Solved

shell script

Posted on 2013-06-04
10
266 Views
Last Modified: 2013-06-22
[oracle@mac Desktop]$ ./top.sh
bash: ./top.sh: Permission denied
0
Comment
Question by:walkerdba
[X]
Welcome to Experts Exchange

Add your voice to the tech community where 5M+ people just like you are talking about what matters.

  • Help others & share knowledge
  • Earn cash & points
  • Learn & ask questions
  • 3
  • 3
  • 2
  • +2
10 Comments
 
LVL 35

Expert Comment

by:johnsone
ID: 39219707
You don't have execute permission on top.sh.  You would need to change the permission with the chmod command.
0
 
LVL 7

Expert Comment

by:Robert Saylor
ID: 39219709
do:
sudo sh top.sh

Open in new window


Then enter in the root password.
0
 
LVL 77

Expert Comment

by:slightwv (䄆 Netminder)
ID: 39219718
As johnsone pointed out... change the permissions:
chmod 750 top.sh

The alternative is force execution:
. ./top.sh
0
Industry Leaders: We Want Your Opinion!

We value your feedback.

Take our survey and automatically be enter to win anyone of the following:
Yeti Cooler, Amazon eGift Card, and Movie eGift Card!

 
LVL 35

Accepted Solution

by:
johnsone earned 500 total points
ID: 39219760
. ./top.sh does not force execution.  That runs the commands in the current process (shell)  and does not fork a new process.  If your current shell is different than the shell that top.sh expects to run then errors could occur.

Depending on what you are doing in your script, this could also have unintended consequences in the original process as well.  In my opinion, only scripts that set environment variables should be run this way.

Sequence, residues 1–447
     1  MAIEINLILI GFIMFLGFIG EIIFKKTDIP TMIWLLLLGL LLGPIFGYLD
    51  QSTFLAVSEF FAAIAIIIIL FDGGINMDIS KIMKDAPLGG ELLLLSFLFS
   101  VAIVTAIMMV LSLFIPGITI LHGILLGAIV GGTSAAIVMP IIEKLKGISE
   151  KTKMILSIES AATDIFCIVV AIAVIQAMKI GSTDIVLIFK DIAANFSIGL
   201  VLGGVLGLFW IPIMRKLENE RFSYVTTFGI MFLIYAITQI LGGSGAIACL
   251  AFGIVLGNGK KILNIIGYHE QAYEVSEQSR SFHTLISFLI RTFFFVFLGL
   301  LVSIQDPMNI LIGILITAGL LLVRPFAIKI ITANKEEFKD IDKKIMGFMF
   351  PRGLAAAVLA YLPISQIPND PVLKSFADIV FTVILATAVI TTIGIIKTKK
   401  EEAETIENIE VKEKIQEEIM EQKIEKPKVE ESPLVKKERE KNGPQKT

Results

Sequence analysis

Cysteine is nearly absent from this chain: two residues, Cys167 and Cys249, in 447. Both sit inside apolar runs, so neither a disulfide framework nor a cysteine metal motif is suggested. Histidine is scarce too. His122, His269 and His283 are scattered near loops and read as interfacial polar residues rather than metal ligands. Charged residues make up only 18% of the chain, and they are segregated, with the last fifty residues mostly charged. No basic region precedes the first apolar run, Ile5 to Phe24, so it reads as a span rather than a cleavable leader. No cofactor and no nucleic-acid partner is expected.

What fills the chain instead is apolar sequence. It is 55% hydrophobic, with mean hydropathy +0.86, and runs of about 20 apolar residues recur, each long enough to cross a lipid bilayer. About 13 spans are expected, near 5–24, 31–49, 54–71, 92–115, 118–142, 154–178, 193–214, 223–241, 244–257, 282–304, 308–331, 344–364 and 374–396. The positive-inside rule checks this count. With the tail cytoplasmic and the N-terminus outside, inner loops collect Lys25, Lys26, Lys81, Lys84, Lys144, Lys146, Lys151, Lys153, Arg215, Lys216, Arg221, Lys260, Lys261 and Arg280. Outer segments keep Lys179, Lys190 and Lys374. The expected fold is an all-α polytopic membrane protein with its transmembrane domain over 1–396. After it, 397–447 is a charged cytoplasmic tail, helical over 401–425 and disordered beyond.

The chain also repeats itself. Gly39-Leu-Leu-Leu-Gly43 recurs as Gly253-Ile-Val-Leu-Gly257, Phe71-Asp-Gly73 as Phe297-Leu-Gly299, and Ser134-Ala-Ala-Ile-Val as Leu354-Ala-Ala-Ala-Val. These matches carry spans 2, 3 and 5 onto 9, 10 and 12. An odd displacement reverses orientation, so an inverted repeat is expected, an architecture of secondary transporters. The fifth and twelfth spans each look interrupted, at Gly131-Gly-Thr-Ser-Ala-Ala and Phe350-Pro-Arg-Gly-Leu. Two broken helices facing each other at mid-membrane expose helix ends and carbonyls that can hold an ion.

0
 
LVL 35

Expert Comment

by:YZlat
ID: 39219891
try

chmod 0744 top.sh

Open in new window


or

chmod go+rx top.sh

Open in new window

0
 
LVL 77

Expert Comment

by:slightwv (䄆 Netminder)
ID: 39219896
Maybe force was a poor choice of words.  I meant that it would execute a script that did not necessarily have execute permission on it.

I do agree with your other comments.

>>chmod 0744 top.sh

I would not give World execute on any script, ever.
0
 
LVL 7

Expert Comment

by:Robert Saylor
ID: 39219897
The issue is the user does not have access to sh. The user would need to be added to the same group that sh has.

root@linux [~]# ls -lha /bin/sh
lrwxrwxrwx 1 root root 4 Sep 14  2011 /bin/sh -> bash*

Open in new window


The fix should be to execute chmod 755 /bin/sh so sh will have group execute.
0
 
LVL 77

Expert Comment

by:slightwv (䄆 Netminder)
ID: 39219901
>>The issue is the user does not have access to sh.

I think I have to disagree.  What are you basing this on?
0
 
LVL 7

Expert Comment

by:Robert Saylor
ID: 39219924
sorry, yes you were correct. I just simulated it on my server.

mine@**** [~]# ./test.sh
-bash: ./test.sh: Permission denied
mine@**** [~]# sh test.sh
test
mine@**** [~]# chmod 755 test.sh
mine@**** [~]# ./test.sh
test
mine@**** [~]#
0
 

Author Closing Comment

by:walkerdba
ID: 39267695
yes
0

Featured Post

Salesforce Made Easy to Use

On-screen guidance at the moment of need enables you & your employees to focus on the core, you can now boost your adoption rates swiftly and simply with one easy tool.

Question has a verified solution.

If you are experiencing a similar issue, please ask a related question

Fine Tune your automatic Updates for Ubuntu / Debian
In the first part of this tutorial we will cover the prerequisites for installing SQL Server vNext on Linux.
This video explains what a user managed backup is and shows how to take one, providing a couple of simple example scripts.
This demo shows you how to set up the containerized NetScaler CPX with NetScaler Management and Analytics System in a non-routable Mesos/Marathon environment for use with Micro-Services applications.

734 members asked questions and received personalized solutions in the past 7 days.

Join the community of 500,000 technology professionals and ask your questions.

Join & Ask a Question